Embracing Imperfection: A Mother’s Postpartum Stretch Marks as the Most Sacred and Beautiful Marks of Motherhood

Photographer Neely Ker Fox feels embarrassed and disappointed by the stretch marks on her body after giving birth to her second child. She made the photo series “Perfect defects” about stretch marks to honor the sacrifice of the mother.
Photographer Neely Ker Fox from Georgia, Culumbus, said she has long dreamed of bringing together women who have had children to photograph them along with the changes in their bodies after giving birth.
As a mother, Neely admits she felt embarrassed, disappointed and couldn’t imagine it was her when she saw the changes in her body after giving birth to her second child. “My abdomen was split from the pelvis to the sternum, I had umbilical hernia and had to do physical therapy because of back problems. My body is full of stretch marks. I have sciatic nerve pain. All of this came after my first pregnancy,” Neely wrote.
“The stretch marks, the scars that life has created on my body, I will carry them with me until I die. I imagine myself 20 to 30 years later, at that time I was placing my hand on my soft belly. Here, sitting in an empty house and remembering some distant season in life, with old age and wisdom.A bigger picture is spread and the feelings of insecurity now will be gone, except except for the laughter in each breath.
To mark the sacred time of motherhood and help other women as well, Neely asked women to volunteer to take pictures for her project on social media. The response from the community surprised her. Initially, Neely planned to find 16 women, later up to 30 volunteers. All are ready to show the world the changes in their bodies after giving birth.
Neely photographed the first 16 women with their body shapes at the time. The rest take pictures with children, pregnant women and after giving birth. Neely herself also posed with her son and daughter. The women involved in the project also talked about insecurities, motherhood, and emotional change.
Casey wrote, “If there’s one way to make me believe in myself and feel healed, it’s this project. I really want to be a woman who is confident and proud of the body that has protected and nurtured the seeds of life.”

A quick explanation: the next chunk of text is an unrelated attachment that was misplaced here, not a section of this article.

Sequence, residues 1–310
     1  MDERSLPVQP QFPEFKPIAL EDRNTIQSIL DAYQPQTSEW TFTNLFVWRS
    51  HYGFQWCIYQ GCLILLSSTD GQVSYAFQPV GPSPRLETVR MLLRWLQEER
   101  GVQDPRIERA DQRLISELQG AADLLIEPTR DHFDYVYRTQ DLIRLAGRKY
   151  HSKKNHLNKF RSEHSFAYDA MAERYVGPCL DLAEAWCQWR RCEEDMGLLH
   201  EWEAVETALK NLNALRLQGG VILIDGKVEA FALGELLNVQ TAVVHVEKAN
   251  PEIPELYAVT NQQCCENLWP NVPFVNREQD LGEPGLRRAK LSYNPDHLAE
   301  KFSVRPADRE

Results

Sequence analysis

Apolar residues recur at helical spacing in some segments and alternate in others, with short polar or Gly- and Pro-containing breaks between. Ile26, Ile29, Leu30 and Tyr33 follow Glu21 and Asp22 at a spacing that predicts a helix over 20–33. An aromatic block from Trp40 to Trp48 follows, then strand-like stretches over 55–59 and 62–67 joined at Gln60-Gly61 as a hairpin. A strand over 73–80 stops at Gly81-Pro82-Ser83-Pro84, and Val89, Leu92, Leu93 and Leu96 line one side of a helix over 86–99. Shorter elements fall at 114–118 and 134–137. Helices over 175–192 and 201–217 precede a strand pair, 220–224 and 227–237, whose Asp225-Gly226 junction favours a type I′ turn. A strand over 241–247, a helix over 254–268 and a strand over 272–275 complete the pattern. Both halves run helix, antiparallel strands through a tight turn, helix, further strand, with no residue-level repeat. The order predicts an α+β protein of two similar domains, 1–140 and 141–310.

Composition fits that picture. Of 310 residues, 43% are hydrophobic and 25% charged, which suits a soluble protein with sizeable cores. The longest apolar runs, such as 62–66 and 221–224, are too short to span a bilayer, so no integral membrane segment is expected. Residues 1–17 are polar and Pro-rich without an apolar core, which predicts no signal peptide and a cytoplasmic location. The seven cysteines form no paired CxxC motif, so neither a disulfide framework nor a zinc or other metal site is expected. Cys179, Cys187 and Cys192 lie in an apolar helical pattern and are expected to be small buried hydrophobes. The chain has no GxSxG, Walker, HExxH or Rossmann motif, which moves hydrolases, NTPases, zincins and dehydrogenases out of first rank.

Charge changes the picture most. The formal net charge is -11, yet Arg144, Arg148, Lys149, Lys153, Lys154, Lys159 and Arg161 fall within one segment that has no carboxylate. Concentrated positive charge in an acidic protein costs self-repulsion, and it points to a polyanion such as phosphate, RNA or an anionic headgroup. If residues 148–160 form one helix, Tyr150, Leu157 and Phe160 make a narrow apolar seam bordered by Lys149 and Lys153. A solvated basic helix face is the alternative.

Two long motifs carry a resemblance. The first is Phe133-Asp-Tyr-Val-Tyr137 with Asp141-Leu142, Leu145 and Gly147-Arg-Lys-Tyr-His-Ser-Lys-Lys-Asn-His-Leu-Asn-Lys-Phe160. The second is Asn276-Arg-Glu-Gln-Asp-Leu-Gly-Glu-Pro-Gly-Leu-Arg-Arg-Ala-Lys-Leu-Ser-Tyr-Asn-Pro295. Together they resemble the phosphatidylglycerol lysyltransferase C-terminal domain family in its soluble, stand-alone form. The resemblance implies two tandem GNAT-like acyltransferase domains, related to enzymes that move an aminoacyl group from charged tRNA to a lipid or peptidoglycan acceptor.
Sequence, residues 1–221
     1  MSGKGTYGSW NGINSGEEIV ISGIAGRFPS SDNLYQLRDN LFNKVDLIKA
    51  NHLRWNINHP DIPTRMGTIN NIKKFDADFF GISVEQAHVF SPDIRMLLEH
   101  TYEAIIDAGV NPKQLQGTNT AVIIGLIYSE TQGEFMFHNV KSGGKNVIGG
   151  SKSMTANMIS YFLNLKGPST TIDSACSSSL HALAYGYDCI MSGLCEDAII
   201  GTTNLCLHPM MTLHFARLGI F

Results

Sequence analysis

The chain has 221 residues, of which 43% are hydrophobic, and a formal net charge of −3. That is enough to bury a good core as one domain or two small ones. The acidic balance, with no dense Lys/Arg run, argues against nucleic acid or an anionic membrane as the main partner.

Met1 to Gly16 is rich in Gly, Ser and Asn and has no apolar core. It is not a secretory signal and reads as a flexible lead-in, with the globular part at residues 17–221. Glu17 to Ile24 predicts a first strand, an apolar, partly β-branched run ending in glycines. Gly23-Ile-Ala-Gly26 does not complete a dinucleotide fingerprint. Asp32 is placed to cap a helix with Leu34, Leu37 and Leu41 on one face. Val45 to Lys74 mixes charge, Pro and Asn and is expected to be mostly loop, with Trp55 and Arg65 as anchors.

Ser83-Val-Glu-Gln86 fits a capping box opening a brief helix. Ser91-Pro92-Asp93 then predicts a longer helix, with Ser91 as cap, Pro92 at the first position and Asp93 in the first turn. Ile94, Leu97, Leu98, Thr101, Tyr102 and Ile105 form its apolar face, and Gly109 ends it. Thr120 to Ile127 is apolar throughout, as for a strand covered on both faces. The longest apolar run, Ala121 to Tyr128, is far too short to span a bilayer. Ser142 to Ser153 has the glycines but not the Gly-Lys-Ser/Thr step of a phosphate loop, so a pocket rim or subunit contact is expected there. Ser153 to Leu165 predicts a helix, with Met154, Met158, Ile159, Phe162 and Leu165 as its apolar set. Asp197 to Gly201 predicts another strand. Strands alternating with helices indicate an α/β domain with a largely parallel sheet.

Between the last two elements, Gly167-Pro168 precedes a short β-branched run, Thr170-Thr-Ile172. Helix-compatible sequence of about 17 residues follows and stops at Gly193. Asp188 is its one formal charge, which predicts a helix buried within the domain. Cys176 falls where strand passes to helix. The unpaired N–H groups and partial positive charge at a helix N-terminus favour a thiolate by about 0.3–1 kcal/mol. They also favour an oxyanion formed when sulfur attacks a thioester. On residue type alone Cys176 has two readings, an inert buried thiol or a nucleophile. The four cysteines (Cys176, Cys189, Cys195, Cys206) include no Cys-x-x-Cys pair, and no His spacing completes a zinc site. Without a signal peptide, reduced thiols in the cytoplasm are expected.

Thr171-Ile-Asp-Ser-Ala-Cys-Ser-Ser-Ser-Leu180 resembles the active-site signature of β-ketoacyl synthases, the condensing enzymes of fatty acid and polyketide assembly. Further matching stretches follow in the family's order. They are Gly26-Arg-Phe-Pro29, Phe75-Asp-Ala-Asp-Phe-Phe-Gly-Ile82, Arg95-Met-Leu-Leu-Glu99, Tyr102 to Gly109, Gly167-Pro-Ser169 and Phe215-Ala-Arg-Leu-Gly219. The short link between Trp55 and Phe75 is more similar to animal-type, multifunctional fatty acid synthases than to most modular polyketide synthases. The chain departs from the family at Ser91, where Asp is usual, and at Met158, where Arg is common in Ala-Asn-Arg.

Rachel, a member of the project said: “I walked out of the photo shoot with my head held high and a new confidence that I didn’t know it was in me since childhood. Look through a few photos. In the camera, I find them much more beautiful than I thought.”
“I feel confident as a mother and most importantly my daughter loves me because I am her mother. That love is indescribable. My daughter doesn’t care about anything else and His smile as well as mine in the photo says it all,” the mother shared.
Neely hopes her project will continue to grow and have an impact not only on women whose bodies are deformed after giving birth, but also those who have low self-esteem because of being thin or obese or disabled.
Rachel, mother of twin boys, said: ‘One day they will grow up and these stretch marks will probably disappear. But I will keep these photos to remind myself of the miracle of the two sprouts of life that I have carried. I will share these pictures with other women and tell them that no matter what society says, imperfections are beautiful.”
In an interview with the Huffington Post, the photographer said: “I want to know how these women feel when they are photographed. I feel like I wouldn’t properly understand the trauma of childbirth if I hadn’t been in their place.”
In addition to the emotions and moments in the process of pregnancy and parenting, in this project Perfect Imperfections, there is also the participation of a girl with a fractured spine named Kendall. Her mother said: “I always pray that when Kendall is old enough to struggle with her body differences, she will look back at these pictures and have the strength to carry on with what God has given her. give. The picture is really great.

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